Why Will My Mango Tree Not Grow?

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The mango tree provides a delicious fruit when it is planted judiciously.

Like most plants and trees native to the tropics, the mango tree (Mangifera indica L.) is extremely sensitive to its environment, especially when in comes to Old Man Winter. Cold temperatures can minimize the vitality of the tree as can planting the mango in an area that does not provide proper hydration.



A mango tree may not grow properly if it has been subjected to winter freezing damage. In the U.S., the mango tree will typically only survive outdoors in USDA Hardiness Zone 10, which includes Hawaii, South Florida, the far southern tip of Texas and a small portion of southern California. The mango originated in India and Burma and thrives only in tropical or subtropical locales.


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Temperature Limits

A tree that is exposed to a temperature of 40 degrees Fahrenheit, even for only a few hours, will see its flowers and fruit damaged and potentially killed. A drop to 30 degrees Fahrenheit can result in serious injury or fatality to young trees. Additionally, a thermometer that falls to 25 degrees Fahrenheit for a few hours can result in significant injury to the leaves and small branches of even a mature tree, although well-established, healthy trees can usually survive a temperature of this severity.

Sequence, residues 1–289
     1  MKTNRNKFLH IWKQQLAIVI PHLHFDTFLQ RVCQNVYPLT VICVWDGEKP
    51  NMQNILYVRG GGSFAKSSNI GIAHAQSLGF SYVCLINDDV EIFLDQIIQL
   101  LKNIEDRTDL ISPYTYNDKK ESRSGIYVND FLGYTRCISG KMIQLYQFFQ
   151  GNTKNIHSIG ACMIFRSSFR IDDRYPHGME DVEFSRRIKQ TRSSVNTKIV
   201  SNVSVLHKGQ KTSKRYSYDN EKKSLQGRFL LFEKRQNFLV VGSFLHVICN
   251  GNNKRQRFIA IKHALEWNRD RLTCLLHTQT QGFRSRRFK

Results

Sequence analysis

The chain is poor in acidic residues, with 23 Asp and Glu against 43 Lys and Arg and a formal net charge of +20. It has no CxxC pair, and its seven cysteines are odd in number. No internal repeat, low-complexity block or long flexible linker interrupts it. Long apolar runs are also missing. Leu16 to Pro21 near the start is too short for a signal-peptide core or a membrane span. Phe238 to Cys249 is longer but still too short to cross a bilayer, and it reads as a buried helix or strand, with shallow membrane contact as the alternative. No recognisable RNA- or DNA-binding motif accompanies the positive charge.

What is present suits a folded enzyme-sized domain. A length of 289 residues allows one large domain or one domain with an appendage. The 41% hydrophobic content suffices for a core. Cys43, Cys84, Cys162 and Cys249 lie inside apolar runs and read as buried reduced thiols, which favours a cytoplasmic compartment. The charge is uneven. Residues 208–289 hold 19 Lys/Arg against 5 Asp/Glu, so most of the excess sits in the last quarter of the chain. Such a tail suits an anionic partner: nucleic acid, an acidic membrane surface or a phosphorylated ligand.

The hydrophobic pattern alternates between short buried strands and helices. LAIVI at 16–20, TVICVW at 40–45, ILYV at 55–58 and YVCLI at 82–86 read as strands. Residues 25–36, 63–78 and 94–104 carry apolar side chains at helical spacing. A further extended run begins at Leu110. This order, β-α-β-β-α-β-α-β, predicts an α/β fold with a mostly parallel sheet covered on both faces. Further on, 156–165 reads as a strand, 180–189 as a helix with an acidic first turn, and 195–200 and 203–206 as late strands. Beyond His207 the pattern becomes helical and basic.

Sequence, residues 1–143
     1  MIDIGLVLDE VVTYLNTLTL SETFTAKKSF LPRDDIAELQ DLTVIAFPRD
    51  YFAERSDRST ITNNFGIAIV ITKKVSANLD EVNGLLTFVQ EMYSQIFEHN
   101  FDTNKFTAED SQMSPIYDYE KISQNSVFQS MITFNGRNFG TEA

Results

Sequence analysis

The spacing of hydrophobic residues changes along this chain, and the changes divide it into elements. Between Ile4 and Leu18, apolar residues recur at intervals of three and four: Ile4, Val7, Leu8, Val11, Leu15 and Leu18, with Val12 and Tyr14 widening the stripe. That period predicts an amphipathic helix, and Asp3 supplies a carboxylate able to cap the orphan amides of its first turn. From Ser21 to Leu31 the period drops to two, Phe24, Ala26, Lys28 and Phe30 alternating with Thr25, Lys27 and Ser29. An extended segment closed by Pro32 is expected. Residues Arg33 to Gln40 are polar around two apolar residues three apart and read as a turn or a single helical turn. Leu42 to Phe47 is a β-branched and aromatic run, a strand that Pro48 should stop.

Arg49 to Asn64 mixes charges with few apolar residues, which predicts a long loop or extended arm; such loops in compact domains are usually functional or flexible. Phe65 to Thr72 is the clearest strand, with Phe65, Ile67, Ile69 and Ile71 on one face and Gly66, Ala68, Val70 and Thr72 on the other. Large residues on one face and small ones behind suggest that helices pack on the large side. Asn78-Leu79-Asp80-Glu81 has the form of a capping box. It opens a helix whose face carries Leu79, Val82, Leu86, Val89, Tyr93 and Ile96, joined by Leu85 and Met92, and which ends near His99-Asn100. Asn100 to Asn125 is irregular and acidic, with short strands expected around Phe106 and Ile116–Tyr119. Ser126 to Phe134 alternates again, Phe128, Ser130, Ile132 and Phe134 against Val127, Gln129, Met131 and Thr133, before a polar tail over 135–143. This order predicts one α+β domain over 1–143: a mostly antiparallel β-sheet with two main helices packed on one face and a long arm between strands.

Rainfall and the timing of that rainfall are vital to the health of a mango tree. It enjoys the receipt of between 30 and 100 inches of rain annually; however, the timing of this hydration is actually more important than the amount. The majority of the rain should be received during the summer months of June through September, followed by a relatively dry period for the following eight months. Still, while that pattern does not always hold true for Florida, the mango still manages to grow well there.



If a mango tree is not growing, nutrition could be a problem. Young trees should be fertilized once monthly during their first year of life, advises the University of Florida Institute of Food and Agricultural Sciences. That application can be reduced to 3 to 4 times annually for more mature trees. Newly planted trees should be watered every other day for the first week, then once or twice weekly for the following few months. After reaching an age of four years, mango trees should be hydrated only during the dry season and periods of excessive drought.



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